Each year, more than 600,000 Americans undergo knee replacement surgeries1, and with nearly 20 percent of Americans expected to be over the age of 65 by 20302, demand for these procedures is expected to grow. Hospitals and ambulatory surgery centers (ASCs) around the country are looking for new techniques, tools and technologies that can help them meet the broad demand for these and other joint replacement procedures while looking to improve patient experience and outcomes.
With surgeries like knee replacements, it is especially critical to take into account the individual anatomy, lifestyle and needs of the patient. No two knees and no two patients are identical, and each patient may face unique challenges as they seek to regain their mobility. For surgeons, the key to optimizing care for each patient is understanding their unique anatomical and environmental needs, making thoughtful and personalized choices for each patient and then being able to implement those decisions accurately and consistently. And for hospitals and ASCs, they need to make smart investments in tools that meet these needs for patients and surgeons, but that also provide improved optimized efficiency and value.
For these reasons, a new team member is becoming increasingly common in operating rooms – the surgical robot. Earlier this year, medical technology leader, Zimmer Biomet, launched the latest addition to their ROSA® Robotics System, ROSA® Partial Knee, which enhances patient satisfaction through accurate and reproducible surgery.3 The ROSA Partial Knee System provides confidence in performing partial knee arthroplasty by offering a simple technique, the clinical heritage of the Persona® Partial Knee and efficiency throughout the surgical journey. Designed by surgeons for surgeons, ROSA Partial Knee is an accurate3 and efficient surgical assistant that also produces data.
“With a robot in the operating room, I can focus more on the patient because I know that the robot will help streamline the complexity of the procedure,” said Dr. Jeff Almand, an orthopedic surgeon and ROSA Robotics user. “ROSA empowers me to make the right decision for the patient and the tools to respond to their unique needs, even allowing me to switch seamlessly between performing a partial knee replacement and a total knee operation if it turns out that’s the best path forward for the patient.”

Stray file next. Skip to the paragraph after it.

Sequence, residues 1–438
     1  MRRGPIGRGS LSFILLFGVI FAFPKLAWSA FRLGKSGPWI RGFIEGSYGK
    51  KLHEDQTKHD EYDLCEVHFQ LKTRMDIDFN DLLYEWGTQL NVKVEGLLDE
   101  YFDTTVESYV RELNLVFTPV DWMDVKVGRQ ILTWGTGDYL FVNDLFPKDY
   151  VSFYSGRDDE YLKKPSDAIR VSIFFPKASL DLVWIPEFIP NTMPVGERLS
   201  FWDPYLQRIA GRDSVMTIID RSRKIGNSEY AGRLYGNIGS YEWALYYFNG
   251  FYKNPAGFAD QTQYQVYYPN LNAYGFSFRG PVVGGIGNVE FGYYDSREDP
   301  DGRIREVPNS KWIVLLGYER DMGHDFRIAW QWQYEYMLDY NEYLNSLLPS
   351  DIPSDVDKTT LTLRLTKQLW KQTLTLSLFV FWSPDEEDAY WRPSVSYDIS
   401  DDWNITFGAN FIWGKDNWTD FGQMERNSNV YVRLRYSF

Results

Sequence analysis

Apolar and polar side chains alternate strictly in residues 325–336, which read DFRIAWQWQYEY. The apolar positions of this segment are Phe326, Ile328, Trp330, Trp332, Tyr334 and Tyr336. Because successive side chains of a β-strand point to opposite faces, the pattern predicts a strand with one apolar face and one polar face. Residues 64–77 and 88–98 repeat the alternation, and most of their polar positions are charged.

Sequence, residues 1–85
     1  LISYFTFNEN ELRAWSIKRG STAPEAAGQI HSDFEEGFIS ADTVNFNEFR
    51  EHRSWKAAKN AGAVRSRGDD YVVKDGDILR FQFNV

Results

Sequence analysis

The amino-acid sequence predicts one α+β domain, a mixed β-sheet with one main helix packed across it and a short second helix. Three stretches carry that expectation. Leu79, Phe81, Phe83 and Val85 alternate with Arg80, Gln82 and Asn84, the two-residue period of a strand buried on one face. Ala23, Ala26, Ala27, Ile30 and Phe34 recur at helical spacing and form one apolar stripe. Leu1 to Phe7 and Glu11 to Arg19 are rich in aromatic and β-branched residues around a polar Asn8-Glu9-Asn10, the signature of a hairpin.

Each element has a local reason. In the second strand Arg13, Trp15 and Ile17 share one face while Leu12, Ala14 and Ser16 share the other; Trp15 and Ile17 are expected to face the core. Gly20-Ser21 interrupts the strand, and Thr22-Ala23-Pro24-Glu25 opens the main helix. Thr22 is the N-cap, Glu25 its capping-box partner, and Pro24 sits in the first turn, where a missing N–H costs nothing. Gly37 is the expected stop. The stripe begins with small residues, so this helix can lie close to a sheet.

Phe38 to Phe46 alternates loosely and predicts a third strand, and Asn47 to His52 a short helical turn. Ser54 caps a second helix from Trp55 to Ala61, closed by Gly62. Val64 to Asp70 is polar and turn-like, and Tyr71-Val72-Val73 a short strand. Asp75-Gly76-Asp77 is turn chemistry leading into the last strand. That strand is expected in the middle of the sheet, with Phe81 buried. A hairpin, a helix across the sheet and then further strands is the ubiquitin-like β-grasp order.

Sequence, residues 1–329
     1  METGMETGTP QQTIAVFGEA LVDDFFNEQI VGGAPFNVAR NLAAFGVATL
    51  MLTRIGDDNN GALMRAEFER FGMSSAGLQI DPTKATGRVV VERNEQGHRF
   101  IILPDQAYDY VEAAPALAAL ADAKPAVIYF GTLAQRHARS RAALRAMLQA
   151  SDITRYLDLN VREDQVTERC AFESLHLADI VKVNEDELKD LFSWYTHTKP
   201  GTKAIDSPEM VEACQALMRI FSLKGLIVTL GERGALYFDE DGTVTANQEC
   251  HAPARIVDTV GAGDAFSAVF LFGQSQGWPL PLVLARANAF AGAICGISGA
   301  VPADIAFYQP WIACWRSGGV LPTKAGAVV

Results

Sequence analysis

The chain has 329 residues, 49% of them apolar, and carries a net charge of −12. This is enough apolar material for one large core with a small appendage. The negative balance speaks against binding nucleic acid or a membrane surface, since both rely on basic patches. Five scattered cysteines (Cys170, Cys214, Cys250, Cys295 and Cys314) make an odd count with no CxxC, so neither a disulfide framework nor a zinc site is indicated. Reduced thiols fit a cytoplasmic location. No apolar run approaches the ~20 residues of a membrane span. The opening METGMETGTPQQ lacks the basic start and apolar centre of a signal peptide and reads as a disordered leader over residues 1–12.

With ROSA Partial Knee, surgeons are able to objectively measure soft tissue feedback and virtually conduct a knee replacement before performing any resections. One of the first things that ROSA does is create a detailed 3D imaged bone model of the patient’s anatomy.
“My job is to ensure that patients don’t just have a successful surgery, but that they are set up for a successful recovery,” added Dr. Almand. “With a robot like ROSA, I am able to get a deep understanding of each patient’s anatomy and the mobility challenges they experienced before surgery. With that information, I can use ROSA to help chart out the most efficient and optimized way to perform the procedure – and ensure that I have data that can help equip the patient for post-surgical care with the best chance of a satisfying recovery and return to mobility.”
While the value that these robots bring to patients and surgeons may be clear, they can also have a meaningful effect on overall efficiency and results within a hospital or surgical center. For ASCs, having a robot in the operating room can mean that more procedures can be performed with fewer complications and higher levels of patient satisfaction. That’s part of the reason why Dr. Almand’s ASC has grown to use three separate ROSA robots, as the increased efficiency they bring to these complex procedures enables him and his colleagues to perform over 1,200 ROSA-assisted joint replacements each year.
“When you have the tools to make the right plan for patients and execute that plan efficiently and predictably, you wind up with more satisfied patients who feel that they’ve received the exceptional care they deserve – and that all adds up to a more efficient practice all around,” said Dr. Almand. “That kind of efficiency is going to be critical, especially for facilities like ambulatory surgery centers, as demand for joint replacements rise with an aging population and more procedures shift outside of a hospital setting. These tools will become the standard of care within the next decade, especially as more people see that robots can result in both happier – and healthier – patients and a more efficient practice.”
For more information on ROSA Partial Knee, please visit www.zimmerbiomet.com/rosapartial.